Google is currently preventing some Microsoft Edge users from accessing YouTube videos if they have the “strict” tracking protection mode enabled. Microsoft Edge offers three levels of tracking protection: Basic, Balanced (default), and Strict. The “Strict” mode limits the tracking capability of companies like Google, potentially affecting content and ads. Users encountering this issue on YouTube receive a message stating that ad-blockers violate YouTube’s terms. Google has been attempting to block ad-blockers with its anti ad-block feature on YouTube, and the experiment was first observed in May. More users are now experiencing warnings and pop-up messages that impede YouTube playback unless they disable their ad-blockers. It seems that Google is also blocking Microsoft Edge users.
In our tests, we discovered that Google has established a threshold for certain YouTube users who utilize Microsoft Edge’s robust tracking protection mode called “strict.” Microsoft Edge, the default browser for Windows 11, includes a tracking prevention feature that safeguards users from online tracking by restricting companies like Google. Microsoft Edge provides three protection modes: Basic, Balanced (default), and Strict. According to Microsoft, the third and optional “Strict” mode has minimal impact on “content and ads.”
In addition to our testing, multiple users employing the “strict” mode of this protection feature in the Windows 11 default browser confirmed that they are unable to view YouTube videos. However, this issue doesn’t affect everyone, which aligns with Microsoft’s claim that the feature has minimal impact on ads. Unfortunately, if you encounter the YouTube ad-blocker pop-up, you must disable tracking protection in Microsoft Edge or switch to the default “Balanced” mode to resume video playback.
This occurs because Google does not want Microsoft Edge or any browser and extensions to block ad requests. When requests are blocked, the aforementioned screen appears. The message is visible in Microsoft Edge’s strict mode and states, “Ad blockers violate YouTube’s Terms of Service.” Google’s stance on this matter is clear. They argue that it appears you may have an ad blocker activated and you must allow YouTube or disable the ad blocker to proceed with video playback. Advertisements enable global access to YouTube, and for an ad-free experience, users can opt for YouTube Premium, ensuring that content creators are still compensated. Users have two choices: allow YouTube ads or purchase YouTube Premium.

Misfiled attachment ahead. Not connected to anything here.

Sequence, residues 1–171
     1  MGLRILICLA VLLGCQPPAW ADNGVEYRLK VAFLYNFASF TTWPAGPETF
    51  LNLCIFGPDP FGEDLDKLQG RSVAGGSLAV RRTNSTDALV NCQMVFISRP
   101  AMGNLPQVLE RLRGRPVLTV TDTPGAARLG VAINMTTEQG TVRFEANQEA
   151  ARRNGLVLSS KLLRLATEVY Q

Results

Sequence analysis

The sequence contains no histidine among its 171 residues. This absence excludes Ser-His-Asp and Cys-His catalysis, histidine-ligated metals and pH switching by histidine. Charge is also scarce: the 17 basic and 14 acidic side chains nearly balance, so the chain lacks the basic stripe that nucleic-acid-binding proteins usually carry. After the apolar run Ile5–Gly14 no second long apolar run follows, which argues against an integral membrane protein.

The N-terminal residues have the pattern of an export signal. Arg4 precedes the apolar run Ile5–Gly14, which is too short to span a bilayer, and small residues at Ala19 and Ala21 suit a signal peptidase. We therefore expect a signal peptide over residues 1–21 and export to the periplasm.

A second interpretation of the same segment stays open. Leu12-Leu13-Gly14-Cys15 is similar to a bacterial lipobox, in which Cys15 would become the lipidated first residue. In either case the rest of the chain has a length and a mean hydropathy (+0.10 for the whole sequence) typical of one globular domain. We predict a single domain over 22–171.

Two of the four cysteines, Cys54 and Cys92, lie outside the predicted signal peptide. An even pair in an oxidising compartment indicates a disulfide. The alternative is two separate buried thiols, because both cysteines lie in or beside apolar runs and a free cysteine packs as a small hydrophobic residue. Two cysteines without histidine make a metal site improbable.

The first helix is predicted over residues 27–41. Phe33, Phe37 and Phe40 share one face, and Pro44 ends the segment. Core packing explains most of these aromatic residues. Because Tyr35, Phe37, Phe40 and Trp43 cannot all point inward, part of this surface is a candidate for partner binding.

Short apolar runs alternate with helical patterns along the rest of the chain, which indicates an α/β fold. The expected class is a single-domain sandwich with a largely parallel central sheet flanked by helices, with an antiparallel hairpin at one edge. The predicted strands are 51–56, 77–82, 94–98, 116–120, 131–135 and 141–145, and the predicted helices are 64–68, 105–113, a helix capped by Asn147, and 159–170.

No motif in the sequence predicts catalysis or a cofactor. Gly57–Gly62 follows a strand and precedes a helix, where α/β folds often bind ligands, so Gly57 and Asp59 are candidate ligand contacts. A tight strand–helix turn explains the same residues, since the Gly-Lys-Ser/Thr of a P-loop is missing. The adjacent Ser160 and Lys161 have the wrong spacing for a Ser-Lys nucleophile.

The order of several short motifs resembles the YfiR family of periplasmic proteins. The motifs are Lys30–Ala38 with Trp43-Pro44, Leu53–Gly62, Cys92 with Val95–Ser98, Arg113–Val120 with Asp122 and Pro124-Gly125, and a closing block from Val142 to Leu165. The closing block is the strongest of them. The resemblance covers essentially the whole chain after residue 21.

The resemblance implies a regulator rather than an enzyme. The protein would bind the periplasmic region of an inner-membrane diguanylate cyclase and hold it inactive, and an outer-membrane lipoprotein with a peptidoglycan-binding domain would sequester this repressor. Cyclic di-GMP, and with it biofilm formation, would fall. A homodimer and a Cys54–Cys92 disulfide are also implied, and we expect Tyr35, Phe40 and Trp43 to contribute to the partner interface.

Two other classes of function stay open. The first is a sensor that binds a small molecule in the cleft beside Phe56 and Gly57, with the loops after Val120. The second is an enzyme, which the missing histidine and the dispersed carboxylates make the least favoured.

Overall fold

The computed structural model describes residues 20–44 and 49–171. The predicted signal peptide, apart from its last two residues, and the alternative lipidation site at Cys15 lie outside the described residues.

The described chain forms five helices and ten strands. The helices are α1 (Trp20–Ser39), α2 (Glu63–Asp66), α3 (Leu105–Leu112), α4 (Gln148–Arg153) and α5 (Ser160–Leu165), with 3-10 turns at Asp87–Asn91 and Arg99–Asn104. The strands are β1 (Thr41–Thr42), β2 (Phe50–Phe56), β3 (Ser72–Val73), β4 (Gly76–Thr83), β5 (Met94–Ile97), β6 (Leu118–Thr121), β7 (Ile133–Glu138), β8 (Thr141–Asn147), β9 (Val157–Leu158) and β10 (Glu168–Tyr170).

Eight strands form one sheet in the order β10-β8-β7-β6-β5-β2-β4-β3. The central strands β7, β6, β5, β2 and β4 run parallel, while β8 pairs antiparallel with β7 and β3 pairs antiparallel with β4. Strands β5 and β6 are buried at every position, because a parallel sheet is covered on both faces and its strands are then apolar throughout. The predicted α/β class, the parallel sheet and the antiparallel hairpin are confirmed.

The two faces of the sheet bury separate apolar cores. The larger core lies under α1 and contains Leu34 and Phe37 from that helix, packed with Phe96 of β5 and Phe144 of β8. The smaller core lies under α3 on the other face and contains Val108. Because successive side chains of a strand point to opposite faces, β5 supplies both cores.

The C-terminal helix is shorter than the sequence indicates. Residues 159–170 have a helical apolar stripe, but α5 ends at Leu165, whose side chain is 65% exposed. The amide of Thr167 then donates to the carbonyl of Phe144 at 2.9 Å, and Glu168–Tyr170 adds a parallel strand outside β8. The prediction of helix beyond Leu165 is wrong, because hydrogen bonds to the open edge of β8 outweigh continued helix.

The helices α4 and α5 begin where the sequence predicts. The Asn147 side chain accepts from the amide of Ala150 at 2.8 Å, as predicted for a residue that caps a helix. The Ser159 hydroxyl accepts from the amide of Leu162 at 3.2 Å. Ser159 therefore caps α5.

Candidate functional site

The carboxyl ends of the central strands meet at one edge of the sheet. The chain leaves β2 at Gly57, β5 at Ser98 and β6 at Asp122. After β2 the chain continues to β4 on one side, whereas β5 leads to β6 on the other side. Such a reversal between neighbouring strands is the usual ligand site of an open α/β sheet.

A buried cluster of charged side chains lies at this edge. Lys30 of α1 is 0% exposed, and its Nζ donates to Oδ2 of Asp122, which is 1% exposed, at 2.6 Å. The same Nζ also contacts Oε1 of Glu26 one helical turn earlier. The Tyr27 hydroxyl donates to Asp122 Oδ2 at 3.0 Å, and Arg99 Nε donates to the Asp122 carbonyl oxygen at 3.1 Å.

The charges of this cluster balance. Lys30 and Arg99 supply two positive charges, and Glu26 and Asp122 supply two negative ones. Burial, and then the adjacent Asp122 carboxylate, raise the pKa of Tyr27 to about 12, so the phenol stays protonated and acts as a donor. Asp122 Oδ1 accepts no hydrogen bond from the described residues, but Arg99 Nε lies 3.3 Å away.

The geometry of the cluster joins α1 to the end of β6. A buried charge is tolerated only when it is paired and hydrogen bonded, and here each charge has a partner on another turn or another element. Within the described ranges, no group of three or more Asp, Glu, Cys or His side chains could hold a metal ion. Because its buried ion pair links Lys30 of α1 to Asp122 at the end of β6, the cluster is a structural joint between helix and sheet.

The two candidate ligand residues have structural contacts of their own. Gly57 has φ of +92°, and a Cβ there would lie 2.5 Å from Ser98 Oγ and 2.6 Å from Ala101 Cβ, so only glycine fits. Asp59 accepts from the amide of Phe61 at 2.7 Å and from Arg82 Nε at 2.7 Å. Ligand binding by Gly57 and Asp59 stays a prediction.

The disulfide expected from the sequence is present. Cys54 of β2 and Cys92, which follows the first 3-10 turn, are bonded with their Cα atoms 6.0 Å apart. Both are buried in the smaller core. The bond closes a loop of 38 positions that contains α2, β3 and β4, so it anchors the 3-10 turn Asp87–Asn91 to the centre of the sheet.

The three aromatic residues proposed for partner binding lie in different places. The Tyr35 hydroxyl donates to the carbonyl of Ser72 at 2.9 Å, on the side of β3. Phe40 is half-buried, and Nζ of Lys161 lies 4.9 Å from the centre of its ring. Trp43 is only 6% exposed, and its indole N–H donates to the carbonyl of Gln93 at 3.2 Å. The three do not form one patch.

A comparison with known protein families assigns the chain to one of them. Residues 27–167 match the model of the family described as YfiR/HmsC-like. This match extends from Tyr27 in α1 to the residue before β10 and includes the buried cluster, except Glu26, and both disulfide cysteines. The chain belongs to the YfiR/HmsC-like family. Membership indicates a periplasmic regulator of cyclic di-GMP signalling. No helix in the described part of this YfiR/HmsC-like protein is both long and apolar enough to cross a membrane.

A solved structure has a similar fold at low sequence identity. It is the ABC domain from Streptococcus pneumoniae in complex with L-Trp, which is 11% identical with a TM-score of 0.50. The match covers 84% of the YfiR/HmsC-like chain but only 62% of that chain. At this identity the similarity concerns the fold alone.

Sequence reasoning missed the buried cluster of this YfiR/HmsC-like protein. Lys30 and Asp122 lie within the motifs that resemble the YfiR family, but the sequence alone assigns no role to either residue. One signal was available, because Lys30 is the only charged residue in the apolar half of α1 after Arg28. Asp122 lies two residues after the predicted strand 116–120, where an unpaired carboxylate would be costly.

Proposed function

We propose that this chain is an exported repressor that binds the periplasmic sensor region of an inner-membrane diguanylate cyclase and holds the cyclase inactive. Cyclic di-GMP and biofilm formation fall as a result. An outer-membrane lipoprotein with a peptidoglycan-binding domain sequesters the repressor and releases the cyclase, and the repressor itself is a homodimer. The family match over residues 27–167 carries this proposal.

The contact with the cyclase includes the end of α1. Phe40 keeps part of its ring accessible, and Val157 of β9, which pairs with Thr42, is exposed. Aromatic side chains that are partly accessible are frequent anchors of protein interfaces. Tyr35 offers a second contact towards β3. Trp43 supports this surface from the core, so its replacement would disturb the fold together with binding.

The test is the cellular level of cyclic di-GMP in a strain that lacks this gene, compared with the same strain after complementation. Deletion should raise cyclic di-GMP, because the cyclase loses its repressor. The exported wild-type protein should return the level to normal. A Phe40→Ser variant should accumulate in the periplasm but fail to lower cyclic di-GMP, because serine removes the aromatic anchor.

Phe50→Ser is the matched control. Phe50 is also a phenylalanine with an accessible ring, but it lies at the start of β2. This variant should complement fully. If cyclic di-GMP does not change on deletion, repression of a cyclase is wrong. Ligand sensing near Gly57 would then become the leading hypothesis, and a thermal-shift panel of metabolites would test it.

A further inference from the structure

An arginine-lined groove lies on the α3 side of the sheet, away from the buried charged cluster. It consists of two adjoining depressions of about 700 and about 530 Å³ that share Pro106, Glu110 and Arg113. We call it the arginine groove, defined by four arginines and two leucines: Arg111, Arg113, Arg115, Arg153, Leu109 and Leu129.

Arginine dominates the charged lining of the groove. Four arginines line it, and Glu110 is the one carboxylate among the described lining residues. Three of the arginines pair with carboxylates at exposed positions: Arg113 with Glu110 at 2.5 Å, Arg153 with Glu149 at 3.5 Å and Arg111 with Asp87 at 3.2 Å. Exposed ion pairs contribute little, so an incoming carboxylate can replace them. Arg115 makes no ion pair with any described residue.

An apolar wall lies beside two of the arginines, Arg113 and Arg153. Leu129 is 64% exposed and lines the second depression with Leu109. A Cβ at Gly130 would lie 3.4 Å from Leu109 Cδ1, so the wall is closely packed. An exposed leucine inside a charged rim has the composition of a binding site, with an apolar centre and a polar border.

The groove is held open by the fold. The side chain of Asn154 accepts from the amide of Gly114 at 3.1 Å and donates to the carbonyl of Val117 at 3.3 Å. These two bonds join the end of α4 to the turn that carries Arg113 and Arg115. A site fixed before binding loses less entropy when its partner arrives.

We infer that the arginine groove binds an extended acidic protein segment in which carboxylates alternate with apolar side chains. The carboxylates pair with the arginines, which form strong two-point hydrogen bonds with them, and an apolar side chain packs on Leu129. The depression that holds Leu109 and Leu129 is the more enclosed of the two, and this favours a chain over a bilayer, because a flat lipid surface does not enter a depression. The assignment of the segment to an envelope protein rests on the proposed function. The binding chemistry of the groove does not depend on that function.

To provide a clearer overview, Microsoft Edge presents users with three distinct levels of tracking prevention. By navigating to edge://settings/privacy, users can switch between the following modes: Basic, Balanced, and Strict. The Basic mode is for individuals who don’t mind tailored ads and are comfortable with web tracking. It primarily focuses on blocking harmful trackers like fingerprinters and crypto miners but does not block ads. The Balanced mode is the default state of tracking protection in Edge and does not block ads on YouTube. It is designed for users seeking fewer personalized ads while minimizing disruption during web browsing. The Strict mode is tailored for privacy enthusiasts and represents the highest level of tracking prevention. Users in this mode are willing to sacrifice website compatibility for uncompromised privacy. It may have minimal impact on ads and may block them or trigger YouTube alerts.
It is important to note that Microsoft Edge’s strict tracking protection does not block all ads but specifically targets those believed to be tracking the user. When YouTube detects that ad requests are being blocked through any means, it triggers the alert. Consequently, users must disable tracking protection in Microsoft Edge or settle for the default “balanced” setting. Alternatively, they can wait for Google to address the issue, although it is unlikely to happen.